7. Yeah look I really loved this, it is certainly not a one off wonder, you get back in there and give it another practise moon landing, highly addictive!
  8. Yeah it's still on, but some bigger new releases came up, if quiet before Christmas on releases, it might get up there
  9. Yes I've already booked a cruise for next year! But reviewers go far deeper than the average punter for longer, it was like working with a mangy cat.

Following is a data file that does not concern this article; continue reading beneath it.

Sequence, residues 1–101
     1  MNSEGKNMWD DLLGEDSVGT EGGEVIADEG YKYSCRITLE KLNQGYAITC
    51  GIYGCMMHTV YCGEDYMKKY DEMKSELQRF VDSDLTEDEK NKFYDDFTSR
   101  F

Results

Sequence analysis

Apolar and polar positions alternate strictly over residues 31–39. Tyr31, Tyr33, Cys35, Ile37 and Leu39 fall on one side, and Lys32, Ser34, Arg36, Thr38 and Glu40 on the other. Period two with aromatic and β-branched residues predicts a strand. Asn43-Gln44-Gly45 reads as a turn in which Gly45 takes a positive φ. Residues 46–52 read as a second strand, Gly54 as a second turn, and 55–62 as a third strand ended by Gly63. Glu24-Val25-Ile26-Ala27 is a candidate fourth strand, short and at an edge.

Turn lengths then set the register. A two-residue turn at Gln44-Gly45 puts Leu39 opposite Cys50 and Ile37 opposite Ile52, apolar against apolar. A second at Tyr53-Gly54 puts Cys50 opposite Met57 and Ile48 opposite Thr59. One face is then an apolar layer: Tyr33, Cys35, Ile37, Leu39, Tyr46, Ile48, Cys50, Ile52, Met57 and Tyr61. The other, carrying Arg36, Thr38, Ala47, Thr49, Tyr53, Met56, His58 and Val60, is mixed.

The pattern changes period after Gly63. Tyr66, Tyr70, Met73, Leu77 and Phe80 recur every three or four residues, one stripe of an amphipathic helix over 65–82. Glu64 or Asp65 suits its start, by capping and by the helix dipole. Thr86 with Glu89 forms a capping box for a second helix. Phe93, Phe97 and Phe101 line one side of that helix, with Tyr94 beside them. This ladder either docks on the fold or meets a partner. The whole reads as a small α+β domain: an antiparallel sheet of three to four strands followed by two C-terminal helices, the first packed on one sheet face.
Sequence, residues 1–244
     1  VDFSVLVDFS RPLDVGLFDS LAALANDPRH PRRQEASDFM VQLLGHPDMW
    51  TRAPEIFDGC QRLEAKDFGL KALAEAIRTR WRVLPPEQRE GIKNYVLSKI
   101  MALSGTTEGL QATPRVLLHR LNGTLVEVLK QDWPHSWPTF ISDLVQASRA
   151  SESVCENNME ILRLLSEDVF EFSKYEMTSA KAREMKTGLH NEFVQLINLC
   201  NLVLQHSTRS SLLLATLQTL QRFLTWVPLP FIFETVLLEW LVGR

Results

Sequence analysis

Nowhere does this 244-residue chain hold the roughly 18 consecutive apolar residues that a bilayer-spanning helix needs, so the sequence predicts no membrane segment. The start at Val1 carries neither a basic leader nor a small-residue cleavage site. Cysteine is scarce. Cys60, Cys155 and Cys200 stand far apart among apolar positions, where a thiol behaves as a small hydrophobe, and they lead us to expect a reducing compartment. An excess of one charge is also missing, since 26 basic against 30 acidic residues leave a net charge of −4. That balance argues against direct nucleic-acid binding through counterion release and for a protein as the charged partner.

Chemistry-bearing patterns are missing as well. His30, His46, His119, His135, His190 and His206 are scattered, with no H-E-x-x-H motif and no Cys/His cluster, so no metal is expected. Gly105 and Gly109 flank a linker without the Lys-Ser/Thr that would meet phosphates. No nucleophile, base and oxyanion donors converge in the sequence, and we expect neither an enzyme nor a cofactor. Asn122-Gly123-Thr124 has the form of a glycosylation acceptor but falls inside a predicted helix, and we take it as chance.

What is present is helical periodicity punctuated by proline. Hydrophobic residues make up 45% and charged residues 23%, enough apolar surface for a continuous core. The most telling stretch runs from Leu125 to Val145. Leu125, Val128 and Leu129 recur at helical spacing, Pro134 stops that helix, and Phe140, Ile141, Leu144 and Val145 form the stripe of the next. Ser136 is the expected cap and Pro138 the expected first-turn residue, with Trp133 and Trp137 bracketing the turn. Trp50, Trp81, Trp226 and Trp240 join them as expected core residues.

10. That is why I protested getting in more coders, X-Plane has grown beyond itself and a small intimate group, like bringing in Jim Keir on the ATC, it made a huge difference because it brought new resources and fresh thinking to the Simulator, the transition problems of Vulkan/Metal were huge, and it cost Laminar a lot of time in fixing it, then everything else got shifted along and X-Plane 12 suffered, so we suffered, a year okay, but an important year in maintaining users to the Simulator.